Assassin’s Creed has become an annual juggernaut for Ubisoft for the past five years now, and shows no sign of slowing down. It’s not surprising, considering the stealth-based franchise attracts millions of gamers worldwide each year, and is backed up by a massive trans-media blowout of novels, action figures, clothing, and spin-off titles. Hell, there’s even a Hollywood movie in the pipeline, lead by the brilliant Michael Fassbender. As such, it’s unsurprising to see the French publishing giant add another string to the series’ meaty bow, this time in the form of a 2.5D platformer in the shape of Assassin’s Creed Chronicles: China; the first in a three-party series of side stories taking us to Russia and India later this year.
AC Chronicles: China takes place in the year 1526 and stars Shao Jun, a female assassin trained by Assassin’s Creed II protagonist and lovable ladies’ man, Ezio Auditore da Firenze. Set during the fall of the Ming Dynasty, Jun is on a mission to track down the Templar group Eight Tigers, who were responsible for systematically wiping out the entire Chinese brotherhood of assassins. That’s the backdrop at least, although to say the narrative presents itself as strongly as the core instalments would be disingenuous; if anything, it serves as merely a catalyst to get from A to B and give you an excuse to exact bloody revenge.
One thing that will strike you immediately when you boot up China is the visuals. Inspired by water paintings, the game’s aesthetics are beautiful, and a far cry from the gritty realism of the main console entries. There’s a dreamlike-quality to them at times, with China’s visuals evoking an ancient mood that is befitting of the time period. Sure, they may seem simplistic in a world dominated by blockbuster titles pumping out blistering 60fps/1080p set pieces, but they work great.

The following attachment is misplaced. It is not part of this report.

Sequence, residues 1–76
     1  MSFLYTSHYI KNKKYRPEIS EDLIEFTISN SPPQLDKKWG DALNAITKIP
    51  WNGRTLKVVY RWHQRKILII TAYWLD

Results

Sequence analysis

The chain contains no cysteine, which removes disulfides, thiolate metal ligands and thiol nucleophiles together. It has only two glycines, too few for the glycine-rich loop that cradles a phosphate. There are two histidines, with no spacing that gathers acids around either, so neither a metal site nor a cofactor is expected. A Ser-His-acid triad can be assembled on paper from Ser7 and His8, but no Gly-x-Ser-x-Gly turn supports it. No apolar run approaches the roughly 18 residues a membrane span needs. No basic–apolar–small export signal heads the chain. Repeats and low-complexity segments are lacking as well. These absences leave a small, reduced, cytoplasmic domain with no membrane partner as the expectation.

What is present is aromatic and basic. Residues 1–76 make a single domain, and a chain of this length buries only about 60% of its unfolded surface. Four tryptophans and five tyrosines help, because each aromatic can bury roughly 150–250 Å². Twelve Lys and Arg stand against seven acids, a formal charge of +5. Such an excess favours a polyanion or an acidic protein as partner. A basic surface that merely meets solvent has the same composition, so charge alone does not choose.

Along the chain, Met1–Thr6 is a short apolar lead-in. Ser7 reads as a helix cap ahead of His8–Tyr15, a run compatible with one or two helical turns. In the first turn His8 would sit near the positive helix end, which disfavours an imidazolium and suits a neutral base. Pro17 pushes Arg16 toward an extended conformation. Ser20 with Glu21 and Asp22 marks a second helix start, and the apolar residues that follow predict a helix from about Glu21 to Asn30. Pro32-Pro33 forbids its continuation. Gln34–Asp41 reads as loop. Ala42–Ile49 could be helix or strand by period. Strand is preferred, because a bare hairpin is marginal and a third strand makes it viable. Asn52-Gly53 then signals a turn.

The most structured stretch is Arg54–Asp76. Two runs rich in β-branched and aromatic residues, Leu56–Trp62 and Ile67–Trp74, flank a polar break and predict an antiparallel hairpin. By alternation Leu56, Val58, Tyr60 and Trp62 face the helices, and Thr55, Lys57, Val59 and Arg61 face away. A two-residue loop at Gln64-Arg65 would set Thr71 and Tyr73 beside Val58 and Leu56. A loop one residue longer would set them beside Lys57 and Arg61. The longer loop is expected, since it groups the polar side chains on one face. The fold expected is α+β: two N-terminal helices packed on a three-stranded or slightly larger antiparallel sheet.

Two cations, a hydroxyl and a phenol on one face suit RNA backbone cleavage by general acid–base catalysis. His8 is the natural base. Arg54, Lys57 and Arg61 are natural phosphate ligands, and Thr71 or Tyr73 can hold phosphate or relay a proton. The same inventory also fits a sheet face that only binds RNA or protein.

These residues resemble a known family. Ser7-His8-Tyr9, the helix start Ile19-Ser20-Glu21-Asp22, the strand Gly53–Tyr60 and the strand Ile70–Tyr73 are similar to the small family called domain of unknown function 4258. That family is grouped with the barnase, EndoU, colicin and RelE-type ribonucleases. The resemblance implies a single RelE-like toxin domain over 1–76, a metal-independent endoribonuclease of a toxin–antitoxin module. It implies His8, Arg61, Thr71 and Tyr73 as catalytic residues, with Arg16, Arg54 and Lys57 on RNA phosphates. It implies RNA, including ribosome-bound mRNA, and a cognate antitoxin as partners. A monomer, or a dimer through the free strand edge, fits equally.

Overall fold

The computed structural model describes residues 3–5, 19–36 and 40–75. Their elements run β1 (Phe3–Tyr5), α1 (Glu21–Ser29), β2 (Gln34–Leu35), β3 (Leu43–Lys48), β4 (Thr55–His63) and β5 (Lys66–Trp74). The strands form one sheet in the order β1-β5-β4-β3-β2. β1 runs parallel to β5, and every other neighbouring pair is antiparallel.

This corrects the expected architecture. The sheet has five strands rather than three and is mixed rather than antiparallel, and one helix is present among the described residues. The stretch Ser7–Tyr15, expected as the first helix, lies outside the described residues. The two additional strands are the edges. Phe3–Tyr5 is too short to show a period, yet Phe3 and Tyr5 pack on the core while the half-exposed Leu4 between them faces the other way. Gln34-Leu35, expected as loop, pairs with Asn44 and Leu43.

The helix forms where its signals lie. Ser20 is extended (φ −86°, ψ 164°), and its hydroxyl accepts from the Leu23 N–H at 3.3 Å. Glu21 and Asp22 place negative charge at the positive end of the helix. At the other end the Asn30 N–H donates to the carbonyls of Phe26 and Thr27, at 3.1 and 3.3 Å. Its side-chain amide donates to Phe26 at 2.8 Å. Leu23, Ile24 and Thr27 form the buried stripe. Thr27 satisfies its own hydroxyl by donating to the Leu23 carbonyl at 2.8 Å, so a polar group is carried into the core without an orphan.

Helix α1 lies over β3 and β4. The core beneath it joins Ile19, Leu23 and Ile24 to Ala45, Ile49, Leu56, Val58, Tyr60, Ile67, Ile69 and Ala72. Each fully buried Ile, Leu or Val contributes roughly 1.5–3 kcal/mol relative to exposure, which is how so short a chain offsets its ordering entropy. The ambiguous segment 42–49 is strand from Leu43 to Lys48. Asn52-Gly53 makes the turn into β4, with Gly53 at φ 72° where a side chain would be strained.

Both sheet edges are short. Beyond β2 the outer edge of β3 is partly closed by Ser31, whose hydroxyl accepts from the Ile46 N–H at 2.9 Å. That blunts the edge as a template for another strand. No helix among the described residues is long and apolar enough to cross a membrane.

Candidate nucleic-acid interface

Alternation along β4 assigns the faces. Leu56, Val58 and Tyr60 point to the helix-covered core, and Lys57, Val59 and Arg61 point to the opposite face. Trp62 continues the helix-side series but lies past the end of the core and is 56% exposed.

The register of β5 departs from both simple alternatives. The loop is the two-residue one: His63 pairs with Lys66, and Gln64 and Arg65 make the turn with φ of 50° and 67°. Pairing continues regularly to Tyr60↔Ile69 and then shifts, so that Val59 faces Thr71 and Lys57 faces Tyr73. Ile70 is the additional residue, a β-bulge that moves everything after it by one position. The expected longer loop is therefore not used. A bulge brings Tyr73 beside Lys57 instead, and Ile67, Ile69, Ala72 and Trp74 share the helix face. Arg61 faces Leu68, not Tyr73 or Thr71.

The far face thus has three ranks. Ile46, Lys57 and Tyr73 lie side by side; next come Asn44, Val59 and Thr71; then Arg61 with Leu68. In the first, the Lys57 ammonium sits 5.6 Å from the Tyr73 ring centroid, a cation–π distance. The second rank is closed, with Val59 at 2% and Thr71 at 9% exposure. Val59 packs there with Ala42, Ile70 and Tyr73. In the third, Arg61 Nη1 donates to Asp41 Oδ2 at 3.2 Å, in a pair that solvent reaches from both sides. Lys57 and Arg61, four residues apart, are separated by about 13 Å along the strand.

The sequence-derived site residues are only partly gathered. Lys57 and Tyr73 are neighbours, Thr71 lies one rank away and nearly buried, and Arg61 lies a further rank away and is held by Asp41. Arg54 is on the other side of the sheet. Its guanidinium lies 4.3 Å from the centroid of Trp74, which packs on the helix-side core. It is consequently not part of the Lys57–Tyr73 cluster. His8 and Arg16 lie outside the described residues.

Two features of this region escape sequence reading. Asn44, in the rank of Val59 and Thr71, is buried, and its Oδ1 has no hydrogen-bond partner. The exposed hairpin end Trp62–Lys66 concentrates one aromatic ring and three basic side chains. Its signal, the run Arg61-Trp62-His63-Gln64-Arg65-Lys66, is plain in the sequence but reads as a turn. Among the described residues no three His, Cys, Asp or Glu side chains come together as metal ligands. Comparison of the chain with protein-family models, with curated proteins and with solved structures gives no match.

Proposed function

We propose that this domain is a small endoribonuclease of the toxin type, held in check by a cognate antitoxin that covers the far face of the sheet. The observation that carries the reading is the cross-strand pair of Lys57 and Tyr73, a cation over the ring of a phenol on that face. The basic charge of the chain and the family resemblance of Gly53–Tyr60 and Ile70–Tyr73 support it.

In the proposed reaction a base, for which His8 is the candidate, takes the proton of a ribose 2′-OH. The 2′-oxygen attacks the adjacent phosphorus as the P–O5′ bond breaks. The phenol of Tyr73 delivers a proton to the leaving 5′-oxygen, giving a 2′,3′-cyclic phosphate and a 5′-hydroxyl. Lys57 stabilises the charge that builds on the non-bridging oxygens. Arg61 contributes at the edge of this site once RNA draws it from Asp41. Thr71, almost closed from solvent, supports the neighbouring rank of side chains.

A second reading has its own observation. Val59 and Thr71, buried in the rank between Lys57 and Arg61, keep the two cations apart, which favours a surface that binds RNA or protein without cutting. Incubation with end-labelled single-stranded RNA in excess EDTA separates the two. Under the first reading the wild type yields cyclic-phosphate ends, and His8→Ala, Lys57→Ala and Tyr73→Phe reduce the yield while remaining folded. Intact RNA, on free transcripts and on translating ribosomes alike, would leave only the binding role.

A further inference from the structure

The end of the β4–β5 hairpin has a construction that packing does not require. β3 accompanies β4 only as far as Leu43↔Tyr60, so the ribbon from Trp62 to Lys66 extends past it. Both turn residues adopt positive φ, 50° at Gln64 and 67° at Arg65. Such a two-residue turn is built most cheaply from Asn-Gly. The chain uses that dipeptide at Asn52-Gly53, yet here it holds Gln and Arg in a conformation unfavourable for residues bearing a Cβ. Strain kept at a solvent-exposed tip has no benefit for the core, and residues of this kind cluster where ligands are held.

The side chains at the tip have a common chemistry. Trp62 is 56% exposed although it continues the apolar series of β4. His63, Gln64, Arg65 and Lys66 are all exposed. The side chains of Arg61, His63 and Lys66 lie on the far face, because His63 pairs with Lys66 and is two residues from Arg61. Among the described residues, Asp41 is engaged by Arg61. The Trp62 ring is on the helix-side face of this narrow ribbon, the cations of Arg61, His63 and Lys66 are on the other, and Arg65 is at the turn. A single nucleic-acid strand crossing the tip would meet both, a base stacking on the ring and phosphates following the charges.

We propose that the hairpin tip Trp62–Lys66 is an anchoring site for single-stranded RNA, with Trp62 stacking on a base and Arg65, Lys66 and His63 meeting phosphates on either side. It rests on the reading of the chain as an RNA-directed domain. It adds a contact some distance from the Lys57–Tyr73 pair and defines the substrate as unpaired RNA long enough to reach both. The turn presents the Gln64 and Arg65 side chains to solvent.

For the most part, the transition to 2.5D works admirably well. This is Assassin’s Creed, for better or for worse, and you’ll be sneaking around locations—which range from mountain forts, slippery docks, caves, and more—stabbing unsuspecting guards and diving into haybales before you know it. The controls have been simplified to accommodate the shift from 3D to 2.5D, although all the staples are here, right down to hitting Circle to block attacks like the core games. Disappointingly, the combat is probably the weakest aspect of China. The 2.5D arena lacks the dynamic feel of the 3D games, and you’re simply forced to block then deliver a few sword slashes—light or heavy, depending on your opponent’s strength—to eliminate your enemies. There’s no fancy maneuvers to spice things up like with Ezio or Edward, and things feel a little flat as a result. Sure, it’s quite challenging when it comes to blocking attacks or dodging crossbow bolts, but the meat-and-potatoes of the action gets pretty stale fast.